Setting Up Your Training Plan

Setting up your training plan is a vital component of getting started on your way to a better physique. Too many guys simply wander into the gym and aimlessly amble around hoping that doing a bit of this and a bit of that will get them the results they want. I hate to be the bearer of bad news, but it won’t.


Now, I’m going to treat this as though you’re a complete beginner to weight training. When I take on a new client that hasn’t trained before and wants to add muscle and actually develop a physique, the first and most important thing is that they know how to train. Execution of movements is key and cannot be understated. Check out my Instagram/Facebook feeds and look out for my new YouTube channel if you want to see some exercise demo videos.


In terms of programming, for this phase of training I normally go for a ‘German Body Composition’ style, as popularised by Charles Poliquin. This involves bouncing between upper and lower body exercises in a ‘superset’ fashion.


(Note: ‘Superset’ means one exercise directly followed by another exercise, then rest and repeat).

So, over a number of workouts specifically tailored to their body, I would pair an upper body exercise with a lower body exercise so as to get a full body workout each time they went in the gym (see my articles on programming for more info on why full body is great for beginners).


Ordinarily for a complete beginner we’d be looking at 3 lots of supersets, so 6 different exercises in total, each consisting of 4 sets. So a sample workout may look something like this:


Superset 1:

Machine Chest Press

DB Box Squats


Superset 2:

Seated Machine Row

Static Lunges


Superset 3:

Seated Leg Curl

DB Side Raise


All exercises are 12 reps, 4 sets each. Rest 30 seconds upon completing the second exercise before moving back to the first.


I’d normally try to get people training 4 times per week in the outset. Any less and you’re not really giving yourself the opportunity to make progress, any more and you run the risk of not recovering properly between workouts. There will be scope for more training down the line, but keep it to 4 workouts per week for now.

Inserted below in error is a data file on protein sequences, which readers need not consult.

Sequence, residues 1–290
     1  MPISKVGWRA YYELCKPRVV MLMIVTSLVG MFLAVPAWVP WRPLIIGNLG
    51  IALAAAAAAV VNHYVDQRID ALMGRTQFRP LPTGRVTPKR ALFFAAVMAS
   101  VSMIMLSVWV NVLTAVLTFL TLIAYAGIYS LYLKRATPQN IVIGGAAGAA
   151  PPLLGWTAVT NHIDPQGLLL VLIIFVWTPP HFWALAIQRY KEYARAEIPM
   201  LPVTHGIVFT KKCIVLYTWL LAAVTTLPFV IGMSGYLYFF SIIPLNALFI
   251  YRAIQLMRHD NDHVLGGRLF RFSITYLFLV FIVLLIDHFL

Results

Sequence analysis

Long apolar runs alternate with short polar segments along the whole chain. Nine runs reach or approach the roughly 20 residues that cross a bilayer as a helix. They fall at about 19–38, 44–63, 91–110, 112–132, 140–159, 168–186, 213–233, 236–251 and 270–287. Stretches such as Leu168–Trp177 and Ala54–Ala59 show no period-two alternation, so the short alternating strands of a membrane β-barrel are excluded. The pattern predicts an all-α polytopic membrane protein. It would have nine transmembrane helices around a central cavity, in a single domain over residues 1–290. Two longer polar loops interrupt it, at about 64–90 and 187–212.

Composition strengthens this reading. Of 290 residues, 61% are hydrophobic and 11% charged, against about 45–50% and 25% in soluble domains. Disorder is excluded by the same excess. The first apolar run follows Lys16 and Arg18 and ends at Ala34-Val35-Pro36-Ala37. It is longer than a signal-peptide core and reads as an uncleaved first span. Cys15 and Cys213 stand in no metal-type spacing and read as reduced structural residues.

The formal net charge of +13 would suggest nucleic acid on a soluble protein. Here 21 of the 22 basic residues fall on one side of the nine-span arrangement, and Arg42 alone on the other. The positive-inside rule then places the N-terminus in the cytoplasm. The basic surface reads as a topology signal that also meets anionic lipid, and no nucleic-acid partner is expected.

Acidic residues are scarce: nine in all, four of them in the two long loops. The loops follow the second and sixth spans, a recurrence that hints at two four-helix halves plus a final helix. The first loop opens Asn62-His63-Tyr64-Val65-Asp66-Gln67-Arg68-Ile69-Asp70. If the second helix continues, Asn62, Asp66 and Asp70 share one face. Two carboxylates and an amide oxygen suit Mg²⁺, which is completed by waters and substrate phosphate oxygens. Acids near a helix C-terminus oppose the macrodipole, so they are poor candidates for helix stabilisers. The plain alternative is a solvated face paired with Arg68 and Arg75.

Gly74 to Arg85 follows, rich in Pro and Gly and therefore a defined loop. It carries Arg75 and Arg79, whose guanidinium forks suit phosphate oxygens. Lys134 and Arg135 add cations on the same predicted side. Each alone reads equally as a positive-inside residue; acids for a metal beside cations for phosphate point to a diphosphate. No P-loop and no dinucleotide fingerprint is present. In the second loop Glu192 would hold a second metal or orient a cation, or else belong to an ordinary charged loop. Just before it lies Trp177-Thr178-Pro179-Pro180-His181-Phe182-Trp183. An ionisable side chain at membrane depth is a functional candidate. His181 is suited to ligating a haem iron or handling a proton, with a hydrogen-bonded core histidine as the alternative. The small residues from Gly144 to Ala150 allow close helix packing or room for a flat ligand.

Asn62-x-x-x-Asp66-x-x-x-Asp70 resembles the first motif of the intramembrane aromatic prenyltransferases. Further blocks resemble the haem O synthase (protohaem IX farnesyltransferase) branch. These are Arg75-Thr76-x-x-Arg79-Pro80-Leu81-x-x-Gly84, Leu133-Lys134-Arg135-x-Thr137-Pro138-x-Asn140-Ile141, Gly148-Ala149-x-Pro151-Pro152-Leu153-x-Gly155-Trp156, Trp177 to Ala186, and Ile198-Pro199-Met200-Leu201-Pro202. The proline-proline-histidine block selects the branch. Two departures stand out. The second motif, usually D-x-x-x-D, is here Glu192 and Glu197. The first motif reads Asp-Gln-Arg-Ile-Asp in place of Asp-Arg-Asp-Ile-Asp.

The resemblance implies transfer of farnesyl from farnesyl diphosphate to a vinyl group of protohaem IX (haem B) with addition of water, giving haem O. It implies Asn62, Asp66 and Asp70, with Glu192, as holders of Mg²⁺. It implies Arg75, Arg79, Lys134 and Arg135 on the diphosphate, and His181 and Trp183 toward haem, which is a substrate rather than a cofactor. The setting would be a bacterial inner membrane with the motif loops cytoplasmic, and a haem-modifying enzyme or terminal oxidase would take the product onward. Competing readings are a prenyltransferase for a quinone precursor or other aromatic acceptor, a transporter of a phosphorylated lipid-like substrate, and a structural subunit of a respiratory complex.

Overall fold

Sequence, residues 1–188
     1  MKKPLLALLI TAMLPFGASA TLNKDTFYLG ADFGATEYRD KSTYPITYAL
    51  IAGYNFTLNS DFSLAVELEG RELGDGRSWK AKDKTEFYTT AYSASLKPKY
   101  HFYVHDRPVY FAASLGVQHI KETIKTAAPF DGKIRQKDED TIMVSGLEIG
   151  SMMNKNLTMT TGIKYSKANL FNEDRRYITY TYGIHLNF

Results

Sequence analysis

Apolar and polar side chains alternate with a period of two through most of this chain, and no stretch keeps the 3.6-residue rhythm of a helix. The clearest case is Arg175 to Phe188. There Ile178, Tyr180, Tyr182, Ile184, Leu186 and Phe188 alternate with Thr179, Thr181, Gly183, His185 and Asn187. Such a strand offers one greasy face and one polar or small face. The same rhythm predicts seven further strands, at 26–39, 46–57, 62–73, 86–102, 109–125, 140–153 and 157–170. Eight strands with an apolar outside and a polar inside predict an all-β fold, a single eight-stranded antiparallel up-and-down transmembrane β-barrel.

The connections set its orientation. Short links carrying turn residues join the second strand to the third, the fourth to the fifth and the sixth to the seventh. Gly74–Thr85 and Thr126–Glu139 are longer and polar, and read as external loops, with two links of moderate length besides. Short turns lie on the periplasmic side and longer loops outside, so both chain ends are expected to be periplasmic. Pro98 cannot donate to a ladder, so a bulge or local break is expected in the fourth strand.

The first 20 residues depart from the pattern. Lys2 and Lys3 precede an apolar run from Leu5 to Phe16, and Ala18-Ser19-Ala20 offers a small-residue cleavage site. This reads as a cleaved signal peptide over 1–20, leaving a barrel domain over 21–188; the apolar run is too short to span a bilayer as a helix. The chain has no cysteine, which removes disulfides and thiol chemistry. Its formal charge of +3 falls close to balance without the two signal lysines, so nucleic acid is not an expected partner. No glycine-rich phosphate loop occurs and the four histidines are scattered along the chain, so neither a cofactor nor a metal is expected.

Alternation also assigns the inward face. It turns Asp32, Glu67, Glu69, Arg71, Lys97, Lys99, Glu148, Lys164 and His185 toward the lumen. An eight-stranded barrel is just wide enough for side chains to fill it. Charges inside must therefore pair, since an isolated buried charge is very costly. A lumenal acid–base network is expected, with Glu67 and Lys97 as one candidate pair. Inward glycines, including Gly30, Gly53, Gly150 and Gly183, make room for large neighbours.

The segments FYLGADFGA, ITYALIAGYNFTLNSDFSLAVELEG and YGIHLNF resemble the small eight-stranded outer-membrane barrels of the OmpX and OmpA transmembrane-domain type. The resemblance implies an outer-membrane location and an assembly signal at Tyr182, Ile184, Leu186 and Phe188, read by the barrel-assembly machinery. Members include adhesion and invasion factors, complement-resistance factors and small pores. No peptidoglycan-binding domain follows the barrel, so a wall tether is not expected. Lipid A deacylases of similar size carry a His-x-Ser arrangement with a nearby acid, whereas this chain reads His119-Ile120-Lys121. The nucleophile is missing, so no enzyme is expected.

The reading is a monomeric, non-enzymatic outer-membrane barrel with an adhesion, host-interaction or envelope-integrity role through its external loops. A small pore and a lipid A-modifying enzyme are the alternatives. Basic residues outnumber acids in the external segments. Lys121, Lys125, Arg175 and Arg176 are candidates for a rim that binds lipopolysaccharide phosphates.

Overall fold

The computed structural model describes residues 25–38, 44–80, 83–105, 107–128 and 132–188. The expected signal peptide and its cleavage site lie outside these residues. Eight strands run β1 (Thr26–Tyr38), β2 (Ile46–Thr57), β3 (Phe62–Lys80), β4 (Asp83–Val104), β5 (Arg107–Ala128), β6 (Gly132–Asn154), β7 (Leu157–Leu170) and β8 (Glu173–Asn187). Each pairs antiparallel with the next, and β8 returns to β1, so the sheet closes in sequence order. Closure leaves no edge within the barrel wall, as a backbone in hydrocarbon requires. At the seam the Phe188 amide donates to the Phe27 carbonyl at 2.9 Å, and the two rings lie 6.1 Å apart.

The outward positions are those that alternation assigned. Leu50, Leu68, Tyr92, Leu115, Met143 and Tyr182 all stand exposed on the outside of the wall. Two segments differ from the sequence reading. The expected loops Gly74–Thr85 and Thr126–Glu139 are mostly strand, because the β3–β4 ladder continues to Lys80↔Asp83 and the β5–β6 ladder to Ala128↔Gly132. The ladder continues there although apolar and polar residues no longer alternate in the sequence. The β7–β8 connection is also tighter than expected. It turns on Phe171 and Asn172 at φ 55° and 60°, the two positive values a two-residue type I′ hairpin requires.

Play around with different exercises in this style and format of training and see how you get on.


Ensuring Continued Progress

Now, as mentioned earlier, in this phase of training the goal is to essentially expend more energy than you consume. However, we still want to stimulate, hold on to and if at all possible, grow muscle tissue in this phase. We don’t want to be skinny, we want a physique. As you’re a complete beginner to weight training, I do believe it absolutely possible to both lose body fat and build some muscle mass during this phase, although the primary focus should be fat loss and health optimisation.


That being said, as I outlined earlier – we should try to start out on our physique phase 1 journey at a relatively high level of eating, and let the training do the work. If you calculate your nutrition properly, you’ll still be in a calorie deficit through the training you’re doing. This should be enough to elicit the first few lbs of weight loss.


Once this stops working, you can then look at adding in other tools. Now, I personally would always rather do more exercise than take any food away. I think movement is key to progress and living a healthy life, and calorie restriction should only be brought in if absolutely necessary.


A great way to get your calorie expenditure up on a daily basis is to focus on increasing your NEAT (Non Exercise Activity Thermogenesis) levels. This essentially means all the calories you burn outside of the gym. A great way to increase this is to buy a step counter and aim for a certain number of steps per day (I try to hit 10,000 per day). This ensures you’re super active and keeps you burning calories every day. A couple of short walks along with choosing to be active where you can (parking further away from the shops, taking the stairs instead of the lift etc) will help more than you realise.


Cardio sessions are also a great option if your weight loss has stalled but try to only add these in when they’re really needed.


Of course, if weight loss stalls and you’ve completely maxed out your training, cardio and NEAT activity, calorie restriction may be required. But take food away sparingly, don’t starve yourself and remember, we’re trying to build a physique here in the long run, we don’t want to waste you away!


Hope that was useful – now if you’ll excuse me I’m off to train legs.

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Happy training




PS – Enjoyed this article? Why not check out the one I wrote on How To Train As A Natural Lifter?